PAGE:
Mister Rogers Saves Public Television With This 6-Minute Testimony To The U.S. Senate.

A two-photo collage. The first shows Senator John Pastore looking uninterested. The second shows Fred Rogers speaking to him and the rest of the U.S. Senate Commerce Committee.

Fred Rogers, otherwise known as Mister Rogers, is truly the definition of an icon. For over 33 years, he hosted “Mister Rogers’ Neighborhood,” a children’s television show that continues to be loved by folks from multiple generations. What many might not realize, however, is how close this beloved show came to ending far too soon.

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On May 1, 1969, Fred Rogers spoked to the U.S. Senate Commerce Committee. His show had only been airing for about a year when federal funding for the newly formed non-profit Corporation for Public Broadcasting was at risk of a severe budget cut – from $20 million to $10 million. Determined to do whatever it took to ensure that children continued to have access to quality television that not only entertained but educated, Rogers gave a powerful six-minute testimony.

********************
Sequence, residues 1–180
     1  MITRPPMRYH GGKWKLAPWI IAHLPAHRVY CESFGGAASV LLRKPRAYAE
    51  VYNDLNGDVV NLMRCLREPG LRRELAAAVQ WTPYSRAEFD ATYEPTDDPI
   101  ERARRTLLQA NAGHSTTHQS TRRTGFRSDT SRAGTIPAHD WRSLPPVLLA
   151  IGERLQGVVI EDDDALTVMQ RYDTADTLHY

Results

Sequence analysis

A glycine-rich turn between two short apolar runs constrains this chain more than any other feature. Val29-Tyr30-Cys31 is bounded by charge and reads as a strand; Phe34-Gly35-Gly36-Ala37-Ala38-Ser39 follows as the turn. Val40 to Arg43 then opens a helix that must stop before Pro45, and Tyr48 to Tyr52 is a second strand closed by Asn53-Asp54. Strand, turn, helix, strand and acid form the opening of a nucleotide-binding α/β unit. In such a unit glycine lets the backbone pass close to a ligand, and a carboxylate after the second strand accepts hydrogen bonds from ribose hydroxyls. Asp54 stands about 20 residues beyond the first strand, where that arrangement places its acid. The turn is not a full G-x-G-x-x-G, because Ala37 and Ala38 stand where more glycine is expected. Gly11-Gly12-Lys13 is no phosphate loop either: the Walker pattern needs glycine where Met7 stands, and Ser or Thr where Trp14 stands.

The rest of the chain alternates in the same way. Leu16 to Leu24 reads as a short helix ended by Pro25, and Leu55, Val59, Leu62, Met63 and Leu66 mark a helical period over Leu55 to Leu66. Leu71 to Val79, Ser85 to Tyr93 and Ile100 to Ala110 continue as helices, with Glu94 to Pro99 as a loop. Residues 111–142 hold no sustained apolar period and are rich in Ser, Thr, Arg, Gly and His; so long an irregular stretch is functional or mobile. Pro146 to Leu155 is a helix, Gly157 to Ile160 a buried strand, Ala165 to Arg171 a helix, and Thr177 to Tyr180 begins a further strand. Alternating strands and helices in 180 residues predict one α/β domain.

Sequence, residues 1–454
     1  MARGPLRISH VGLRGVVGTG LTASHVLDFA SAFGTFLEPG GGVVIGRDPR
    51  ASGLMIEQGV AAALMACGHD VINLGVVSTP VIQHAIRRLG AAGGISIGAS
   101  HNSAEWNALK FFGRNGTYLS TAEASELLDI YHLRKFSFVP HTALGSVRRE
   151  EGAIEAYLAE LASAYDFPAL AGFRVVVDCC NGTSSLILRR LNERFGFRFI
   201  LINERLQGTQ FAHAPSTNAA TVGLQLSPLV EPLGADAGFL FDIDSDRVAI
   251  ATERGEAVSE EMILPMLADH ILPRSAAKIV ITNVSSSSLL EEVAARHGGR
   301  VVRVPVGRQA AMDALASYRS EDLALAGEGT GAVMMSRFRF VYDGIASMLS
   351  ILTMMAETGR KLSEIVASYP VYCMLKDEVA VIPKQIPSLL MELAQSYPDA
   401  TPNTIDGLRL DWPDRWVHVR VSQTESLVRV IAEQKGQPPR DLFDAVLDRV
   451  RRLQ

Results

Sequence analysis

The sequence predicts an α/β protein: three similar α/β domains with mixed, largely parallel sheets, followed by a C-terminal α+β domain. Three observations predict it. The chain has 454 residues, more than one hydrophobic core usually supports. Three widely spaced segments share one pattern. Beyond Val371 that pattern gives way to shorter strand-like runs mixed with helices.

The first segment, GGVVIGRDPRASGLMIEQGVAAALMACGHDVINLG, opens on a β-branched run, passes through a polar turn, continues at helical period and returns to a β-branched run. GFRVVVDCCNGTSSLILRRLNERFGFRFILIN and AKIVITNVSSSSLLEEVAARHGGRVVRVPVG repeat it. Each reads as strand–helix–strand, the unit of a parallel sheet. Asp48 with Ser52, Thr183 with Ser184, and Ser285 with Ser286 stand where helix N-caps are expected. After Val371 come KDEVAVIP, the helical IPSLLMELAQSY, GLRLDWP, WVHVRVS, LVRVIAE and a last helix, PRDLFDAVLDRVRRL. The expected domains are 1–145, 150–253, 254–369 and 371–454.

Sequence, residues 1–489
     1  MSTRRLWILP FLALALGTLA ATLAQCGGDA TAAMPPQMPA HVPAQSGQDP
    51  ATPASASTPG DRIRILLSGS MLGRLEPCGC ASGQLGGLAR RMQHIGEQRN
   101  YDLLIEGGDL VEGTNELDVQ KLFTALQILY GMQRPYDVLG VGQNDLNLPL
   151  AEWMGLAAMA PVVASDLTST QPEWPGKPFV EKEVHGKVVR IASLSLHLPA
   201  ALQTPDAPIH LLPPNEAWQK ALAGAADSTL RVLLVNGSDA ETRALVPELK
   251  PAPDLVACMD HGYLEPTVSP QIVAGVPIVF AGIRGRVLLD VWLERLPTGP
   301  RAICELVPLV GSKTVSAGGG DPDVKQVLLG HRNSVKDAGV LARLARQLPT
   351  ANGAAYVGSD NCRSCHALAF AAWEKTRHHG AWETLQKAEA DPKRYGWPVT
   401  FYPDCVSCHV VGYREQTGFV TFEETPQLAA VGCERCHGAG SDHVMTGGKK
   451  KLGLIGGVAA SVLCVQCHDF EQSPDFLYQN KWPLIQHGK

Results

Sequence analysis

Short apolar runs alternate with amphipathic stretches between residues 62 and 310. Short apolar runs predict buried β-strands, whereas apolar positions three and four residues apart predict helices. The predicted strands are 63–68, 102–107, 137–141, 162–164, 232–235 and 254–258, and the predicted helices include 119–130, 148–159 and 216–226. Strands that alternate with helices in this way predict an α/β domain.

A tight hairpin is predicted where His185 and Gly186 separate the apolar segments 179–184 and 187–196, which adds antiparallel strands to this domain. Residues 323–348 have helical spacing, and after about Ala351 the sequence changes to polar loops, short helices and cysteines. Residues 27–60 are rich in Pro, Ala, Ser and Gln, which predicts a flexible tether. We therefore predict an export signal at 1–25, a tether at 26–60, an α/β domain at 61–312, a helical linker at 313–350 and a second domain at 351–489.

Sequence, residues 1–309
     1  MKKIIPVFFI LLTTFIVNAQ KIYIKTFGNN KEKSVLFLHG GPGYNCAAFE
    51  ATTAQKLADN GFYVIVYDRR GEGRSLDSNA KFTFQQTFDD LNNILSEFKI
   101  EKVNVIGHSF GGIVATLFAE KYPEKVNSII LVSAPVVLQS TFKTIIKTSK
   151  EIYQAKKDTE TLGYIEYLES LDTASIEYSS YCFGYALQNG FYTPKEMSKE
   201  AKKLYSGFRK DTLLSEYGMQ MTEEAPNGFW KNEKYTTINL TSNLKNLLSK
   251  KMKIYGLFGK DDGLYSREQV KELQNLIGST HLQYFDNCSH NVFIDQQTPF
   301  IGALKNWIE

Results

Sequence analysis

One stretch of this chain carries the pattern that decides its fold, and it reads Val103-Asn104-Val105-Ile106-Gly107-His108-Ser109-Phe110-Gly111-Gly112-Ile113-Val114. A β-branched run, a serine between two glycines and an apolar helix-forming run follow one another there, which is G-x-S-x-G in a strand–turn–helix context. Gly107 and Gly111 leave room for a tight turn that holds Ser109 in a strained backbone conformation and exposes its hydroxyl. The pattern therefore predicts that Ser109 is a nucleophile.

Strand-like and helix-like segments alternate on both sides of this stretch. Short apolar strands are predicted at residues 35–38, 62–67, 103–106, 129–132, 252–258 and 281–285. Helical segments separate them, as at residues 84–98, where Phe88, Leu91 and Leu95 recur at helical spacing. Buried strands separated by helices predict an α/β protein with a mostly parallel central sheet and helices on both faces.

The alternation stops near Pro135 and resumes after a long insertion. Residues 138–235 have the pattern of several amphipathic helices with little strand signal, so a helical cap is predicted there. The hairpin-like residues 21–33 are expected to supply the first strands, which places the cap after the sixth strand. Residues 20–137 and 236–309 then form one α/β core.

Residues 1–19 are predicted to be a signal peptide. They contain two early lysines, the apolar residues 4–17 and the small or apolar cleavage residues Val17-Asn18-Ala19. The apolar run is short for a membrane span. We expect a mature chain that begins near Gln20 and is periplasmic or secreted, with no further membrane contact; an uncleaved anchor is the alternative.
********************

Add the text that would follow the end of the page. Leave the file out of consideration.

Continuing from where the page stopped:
At first, the Subcommittee chairman, Senator John Pastore, seems like he couldn’t care less about what Rogers is about to say. But when Rogers begins to speak in that same calm, reassuring tone he used in his beloved show, there’s a clear shift in the senator’s view of him.

“I feel that if we in public television can only make it clear that feelings are mentionable and manageable, we will have done a great service for mental health,” Rogers said.

Watch Mister Rogers’ compelling testimony in the video below.

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